Football is NOT a matter of life & death – UK should follow common sense and ABANDON Premier League season
The death knell sounded for French and Dutch football recently, and the Premier League should prick up their ears and listen – the only option is to null and void the 2019/20 season to prevent further loss of life.
Liverpool’s visionary manager Bill Shankly once said “some people say football is a matter of life and death – listen, it’s more important than that”.
Decades of paraphrasing and pontification passed down though after-dinner anecdotes have done nothing to denigrate the weight of the words of one of the game’s great pioneers: for some, football is much more than winning or losing a simple game.
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Rarely has Shankly’s most seminal turn of phrase taken on a more sobering and literal meaning than in the midst of the current Covid-19 crisis. That is precisely why Premier League football should not return during the current global pandemic but be abandoned to avoid senselessly risking countless more lives.
The Netherlands became the first major European league to take heed of medical experts’ advice and null and void their league championships, taking the bold step to obliterate the records for 2019/20 including the possibility of relegation, promotion and being crowned champion.
France recently followed suit and banned all sporting events until September, including the Ligue 1 football season, although it isn’t yet known whether the division will abandon their current standings.
All logical arguments points to the Premier League, the top football tier of a country that has already recorded the world’s fifth-highest cases of coronavirus and over 21,000 deaths from the disease, following suit.
But then, the football world has never been known for striking a chord with logic, nor being in tune with the planet of mere mortals, and is seemingly still dancing to its own beat as bosses are currently blundering on with plans for ‘Project Restart’ and a potentially fatal return to ‘normality’ in a social landscape scarred by chaos.
As part of the project, training grounds at Arsenal, Brighton and West Ham recently reopened for individual sessions as league chiefs look to push through plans to resume on June 8, the UEFA deadline of May 25 for leagues to decide looking ever more just a formality.
Football is perhaps missed now more than ever, as millions are locked down in quarantine without their great alleviator of problems, the welcome distraction from whatever burden bestowed by the general grind of life, especially now that life has itself ground to a point of humdrum.
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But resuming play even behind closed doors could precipitate a problem more deadly than the nation is currently facing: a second wave of Covid-19 infection.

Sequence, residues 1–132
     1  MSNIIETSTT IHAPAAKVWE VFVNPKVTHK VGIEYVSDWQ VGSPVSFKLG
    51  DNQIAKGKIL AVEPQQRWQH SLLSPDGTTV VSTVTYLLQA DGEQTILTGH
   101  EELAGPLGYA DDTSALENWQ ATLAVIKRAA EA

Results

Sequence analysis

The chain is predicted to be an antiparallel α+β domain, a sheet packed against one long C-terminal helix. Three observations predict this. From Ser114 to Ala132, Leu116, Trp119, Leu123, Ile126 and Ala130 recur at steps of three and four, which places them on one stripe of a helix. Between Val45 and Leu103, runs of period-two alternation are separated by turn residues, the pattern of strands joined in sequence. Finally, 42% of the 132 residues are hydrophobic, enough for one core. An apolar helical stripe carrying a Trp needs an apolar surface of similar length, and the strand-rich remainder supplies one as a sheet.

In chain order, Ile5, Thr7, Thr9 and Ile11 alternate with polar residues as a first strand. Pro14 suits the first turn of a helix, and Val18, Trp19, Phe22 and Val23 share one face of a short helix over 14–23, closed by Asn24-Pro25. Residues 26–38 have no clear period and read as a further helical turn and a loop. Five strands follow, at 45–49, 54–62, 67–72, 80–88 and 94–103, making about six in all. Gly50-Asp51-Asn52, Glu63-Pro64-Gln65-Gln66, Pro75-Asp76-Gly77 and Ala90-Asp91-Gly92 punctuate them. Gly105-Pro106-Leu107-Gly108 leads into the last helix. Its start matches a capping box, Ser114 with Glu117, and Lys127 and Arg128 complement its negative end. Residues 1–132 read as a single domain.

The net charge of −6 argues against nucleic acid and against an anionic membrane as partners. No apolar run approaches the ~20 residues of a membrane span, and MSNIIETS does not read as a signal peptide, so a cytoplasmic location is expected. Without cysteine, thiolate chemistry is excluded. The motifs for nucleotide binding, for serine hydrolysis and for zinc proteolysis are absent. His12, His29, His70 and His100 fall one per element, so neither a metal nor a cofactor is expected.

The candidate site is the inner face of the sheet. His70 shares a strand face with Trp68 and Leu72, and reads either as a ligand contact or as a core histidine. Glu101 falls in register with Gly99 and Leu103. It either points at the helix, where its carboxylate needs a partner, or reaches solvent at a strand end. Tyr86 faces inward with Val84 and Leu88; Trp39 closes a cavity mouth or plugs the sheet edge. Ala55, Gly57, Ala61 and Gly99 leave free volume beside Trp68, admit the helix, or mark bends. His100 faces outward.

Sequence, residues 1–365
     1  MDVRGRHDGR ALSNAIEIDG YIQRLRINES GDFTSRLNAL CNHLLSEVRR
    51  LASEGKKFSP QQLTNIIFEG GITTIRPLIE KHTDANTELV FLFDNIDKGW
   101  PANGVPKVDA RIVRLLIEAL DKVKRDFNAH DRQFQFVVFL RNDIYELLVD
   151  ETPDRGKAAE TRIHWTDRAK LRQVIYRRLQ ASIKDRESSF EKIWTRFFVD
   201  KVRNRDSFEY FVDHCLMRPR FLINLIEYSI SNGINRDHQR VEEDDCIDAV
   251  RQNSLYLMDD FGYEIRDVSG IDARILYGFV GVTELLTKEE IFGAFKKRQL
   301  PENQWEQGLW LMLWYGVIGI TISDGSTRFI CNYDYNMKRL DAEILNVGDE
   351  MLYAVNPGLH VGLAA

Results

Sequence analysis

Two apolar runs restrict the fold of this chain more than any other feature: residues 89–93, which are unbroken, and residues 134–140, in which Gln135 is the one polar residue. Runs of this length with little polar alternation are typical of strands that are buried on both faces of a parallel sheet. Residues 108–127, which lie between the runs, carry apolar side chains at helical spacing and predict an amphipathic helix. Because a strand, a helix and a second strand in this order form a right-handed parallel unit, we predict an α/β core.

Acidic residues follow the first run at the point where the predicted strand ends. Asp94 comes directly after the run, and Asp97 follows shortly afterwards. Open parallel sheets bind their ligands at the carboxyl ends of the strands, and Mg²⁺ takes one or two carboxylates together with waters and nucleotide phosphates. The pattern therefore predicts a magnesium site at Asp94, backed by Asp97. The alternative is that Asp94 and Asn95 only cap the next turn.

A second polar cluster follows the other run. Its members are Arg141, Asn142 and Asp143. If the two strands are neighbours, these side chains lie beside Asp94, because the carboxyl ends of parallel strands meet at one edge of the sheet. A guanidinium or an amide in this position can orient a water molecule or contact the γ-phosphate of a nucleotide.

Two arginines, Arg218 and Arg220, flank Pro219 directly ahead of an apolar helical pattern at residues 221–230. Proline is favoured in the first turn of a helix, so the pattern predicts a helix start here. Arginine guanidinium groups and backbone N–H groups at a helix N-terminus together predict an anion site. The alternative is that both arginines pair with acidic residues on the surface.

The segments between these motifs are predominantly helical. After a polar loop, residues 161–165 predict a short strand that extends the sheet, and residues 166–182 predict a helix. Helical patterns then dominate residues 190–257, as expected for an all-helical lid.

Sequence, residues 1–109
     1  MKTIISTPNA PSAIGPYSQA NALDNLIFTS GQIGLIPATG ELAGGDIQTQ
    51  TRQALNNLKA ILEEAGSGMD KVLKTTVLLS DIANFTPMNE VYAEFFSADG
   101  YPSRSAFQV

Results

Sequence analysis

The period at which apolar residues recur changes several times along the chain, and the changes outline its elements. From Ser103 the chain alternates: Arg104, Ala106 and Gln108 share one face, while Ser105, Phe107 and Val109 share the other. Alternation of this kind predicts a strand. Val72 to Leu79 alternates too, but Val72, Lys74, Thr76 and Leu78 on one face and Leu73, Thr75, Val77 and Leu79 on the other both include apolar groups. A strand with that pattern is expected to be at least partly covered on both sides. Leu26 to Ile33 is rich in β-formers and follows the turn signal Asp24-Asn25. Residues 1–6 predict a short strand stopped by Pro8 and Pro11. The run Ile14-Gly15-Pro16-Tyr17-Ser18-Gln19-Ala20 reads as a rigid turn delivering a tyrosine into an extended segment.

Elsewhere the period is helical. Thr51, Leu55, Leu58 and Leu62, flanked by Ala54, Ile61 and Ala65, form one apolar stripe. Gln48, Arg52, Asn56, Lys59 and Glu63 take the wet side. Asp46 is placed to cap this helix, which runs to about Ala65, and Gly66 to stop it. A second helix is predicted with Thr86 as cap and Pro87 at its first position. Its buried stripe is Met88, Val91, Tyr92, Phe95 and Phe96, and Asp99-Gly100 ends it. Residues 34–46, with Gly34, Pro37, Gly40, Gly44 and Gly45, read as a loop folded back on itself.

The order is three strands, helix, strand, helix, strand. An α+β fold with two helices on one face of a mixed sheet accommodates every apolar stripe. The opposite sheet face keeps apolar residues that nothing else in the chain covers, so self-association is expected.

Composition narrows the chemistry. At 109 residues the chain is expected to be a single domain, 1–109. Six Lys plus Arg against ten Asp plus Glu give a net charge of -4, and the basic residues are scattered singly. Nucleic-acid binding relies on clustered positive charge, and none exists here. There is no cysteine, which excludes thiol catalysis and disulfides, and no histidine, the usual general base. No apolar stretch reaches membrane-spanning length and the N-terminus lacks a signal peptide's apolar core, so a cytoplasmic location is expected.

Despite UK Prime Minister Boris Johnson admitting the country had “passed the peak” of the disease, a second wave remains a very real threat and the untimely introduction of mass gatherings that would fundamentally flout social-distancing measures considered paramount during lockdown would pose grave threats to the country’s collective health.
No measures, however strict, will safeguard completely against infection, which makes a mockery of the original decision to suspend play to avoid further infection which had then already afflicted Arsenal manager Mikel Arteta and Chelsea starlet Callum Hudson-Odoi.
On the continent, Juventus star Paulo Dybala has tested positive for the fourth time in six weeks and Montpellier’s 23-year-old midfielder Junior Sambia has been placed in an artificial coma due to contracting the disease. To continue play is a decision to play a game of chance with players’ lives.
A natural social reaction would be for fans and fun-seekers to naturally gather in groups to watch games on TV, perhaps deliberately mistaking the return to a once habitual social occurrence for a free pass for ultimate freedom of movement.
Conversely, match-going fans would be torturously forced to watch their team on television with no way of recreating the buzz and joy of being in the stadium, countering any lockdown alleviation introduced by televised games.
Aside from the social aspects the matter is as much an economic issue; it’s hardly a secret money is a fierce driving factor in the Premier League’s bullish attitude to restarting play, while staring at a £1.1 billion ($1.3 billion) projected loss and clubs lumbered with a £762 million ($946 million) deficit in television revenue.
Ultimately, no price can be put on life. French clubs are set to miss out on an estimated €650 million (£568 million) in broadcasting rights with the discontinuation of Ligue 1, but Prime Minister Edouard Philippe has since sensibly committed to serve the collective interest to ‘curb the epidemic’.
Thirty-nine years after his own death, the club for which Shankly built the foundations for decades of unrivalled success will ironically be the team to suffer heaviest if the Premier League season is discontinued.
Liverpool were sitting 25 points clear in top spot and on the brink of winning their first title in 30 years when the league was suspended in early April and now the only logical conclusion is to abandon it altogether.
That outcome, however abrupt, is undoubtedly a more reasonable sacrifice than any more potential victims to a silent killer of already 225,000 people worldwide.
Despite the much-loved soundbite that has become synonymous with the passion and dedication of fans that Shankly long ago scribbled onto the game’s annals of history, football should never be allowed to be a matter of life and death, least of all now, where common sense should prevail to curb and not accelerate a crisis.